10. 10. Exercise 1: Exploring Documentation • For Column 1, take 2-3 minutes and, for each row, write down what general concept (who, what, when, where, how, or why, or a combination of these) that field describes about data, if applicable. • Now take 2-3 minutes to complete Column 2. Considering your research data, what information would you provide for each field? • Don’t have research data? Use the file DailyWeather to fill in Column 2.
  11. 11. Exercise 1 continued • Take 2 minutes • There is a blank row under each category for any information specific to your field, e.g. latitude and longitude, species, etc. • Please share an example with the class in the Google doc “Questions: Ask them here”
  12. 12. Wrapping up: elements of documentation • We’ve looked at commonly used fields • What does your discipline say about what you should document? • The answers you’ve provided could be used to create a data dictionary – we’ll examine next
  13. 13. Types of Documentation • ReadMe File • Data Dictionary • Codebook
  14. 14. ReadMe • Describes the core documentation about an investigation and its data files • Typically a simple text file • Can describe the individual file(s) and/or data package as a whole
  15. 15. ReadMe Example - File
  16. 16. ReadMe Example - File
  17. 17. ReadMe Example - Dataset
  18. 18. Data Dictionary • Provides definitions of the data fields in a data file • More details on the variables, observations of a file
  19. 19. Data Dictionary • Used to understand the data and the databases that contain it • Identifies data elements and their attributes including names, definitions and units of measure and other information • Often they are organized as a table http://www.pnamp.org/sites/default/files/best_practices_for_data_dictionary_definitions_ and_usage_version_1.1_2006-11-14.pdf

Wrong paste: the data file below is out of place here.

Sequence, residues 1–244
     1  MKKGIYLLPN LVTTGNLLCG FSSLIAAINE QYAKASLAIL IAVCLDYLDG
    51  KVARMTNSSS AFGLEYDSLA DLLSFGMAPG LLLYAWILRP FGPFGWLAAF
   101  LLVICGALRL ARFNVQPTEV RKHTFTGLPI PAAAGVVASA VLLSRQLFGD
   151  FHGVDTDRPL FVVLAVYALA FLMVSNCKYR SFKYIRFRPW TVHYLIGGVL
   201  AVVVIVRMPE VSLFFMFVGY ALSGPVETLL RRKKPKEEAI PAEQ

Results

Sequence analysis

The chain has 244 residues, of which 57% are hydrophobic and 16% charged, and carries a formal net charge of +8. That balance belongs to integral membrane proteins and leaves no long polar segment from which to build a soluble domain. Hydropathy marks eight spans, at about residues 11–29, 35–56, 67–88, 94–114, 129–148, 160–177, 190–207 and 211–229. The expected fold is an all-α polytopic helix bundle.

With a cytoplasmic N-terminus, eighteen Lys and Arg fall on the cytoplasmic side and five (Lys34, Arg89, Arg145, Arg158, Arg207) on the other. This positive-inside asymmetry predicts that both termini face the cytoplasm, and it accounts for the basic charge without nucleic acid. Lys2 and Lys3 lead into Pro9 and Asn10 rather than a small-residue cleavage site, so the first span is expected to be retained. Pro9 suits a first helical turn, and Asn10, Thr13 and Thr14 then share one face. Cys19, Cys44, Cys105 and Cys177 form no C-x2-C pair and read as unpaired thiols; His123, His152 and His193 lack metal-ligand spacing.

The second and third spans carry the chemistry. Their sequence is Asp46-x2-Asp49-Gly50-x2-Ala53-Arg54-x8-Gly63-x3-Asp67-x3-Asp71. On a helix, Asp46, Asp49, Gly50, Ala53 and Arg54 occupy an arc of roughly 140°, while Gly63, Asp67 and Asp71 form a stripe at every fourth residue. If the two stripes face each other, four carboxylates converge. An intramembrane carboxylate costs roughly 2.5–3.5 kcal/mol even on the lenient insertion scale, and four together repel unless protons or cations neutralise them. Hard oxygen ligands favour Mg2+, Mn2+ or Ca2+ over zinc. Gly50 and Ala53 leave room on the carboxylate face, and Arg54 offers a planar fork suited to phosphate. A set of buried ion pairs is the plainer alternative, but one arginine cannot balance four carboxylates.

20. 20. Data Dictionary Example: the dataset http://www.ncbi.nlm.nih.gov/projects/gap/cgi-bin/GetPdf.cgi?document_name=HowToSubmit.pdf
  21. 21. Data Dictionary Example: the dictionary
  22. 22. Exercise 2: Data Dictionary • Refer to the files on the Data Management Bootcamp site, either – http://guides.lib.odu.edu/VADMBC/materials • In the section Documentation and Metadata Exercise_2_DataDictionaryTemplate – Or, you may have a handout “Exercise 2” • Open the file DailyWeather Weather data source: http://www.ncdc.noaa.gov/cdo- web/search?datasetid=GHCND
  23. 23. • Use the Daily Weather dataset – Two worksheets (tabs) • Data • Definitions • Start by answering the questions • Fill out a data dictionary for this dataset Exercise 2: Data Dictionary Creation
  24. 24. Exercise 2 Discussion
  25. 25. What is a Codebook? • Typical in social sciences research • Includes elements similar to readme and dictionary – Project level information (e.g. survey design and methodology) – Response codes for each variable – Codes used to indicate nonresponse and missing data http://www.icpsr.umich.edu/icpsrweb/ICPSR/support/faqs/2006/01/what-is- codebook
  26. 26. What is a Codebook? • Additionally, codebooks may also contain: – A copy of the survey questionnaire (if applicable) – Exact questions and skip patterns used in a survey – Frequencies of response • Quite long! http://www.icpsr.umich.edu/icpsrweb/ICPSR/s upport/faqs/2006/01/what-is-codebook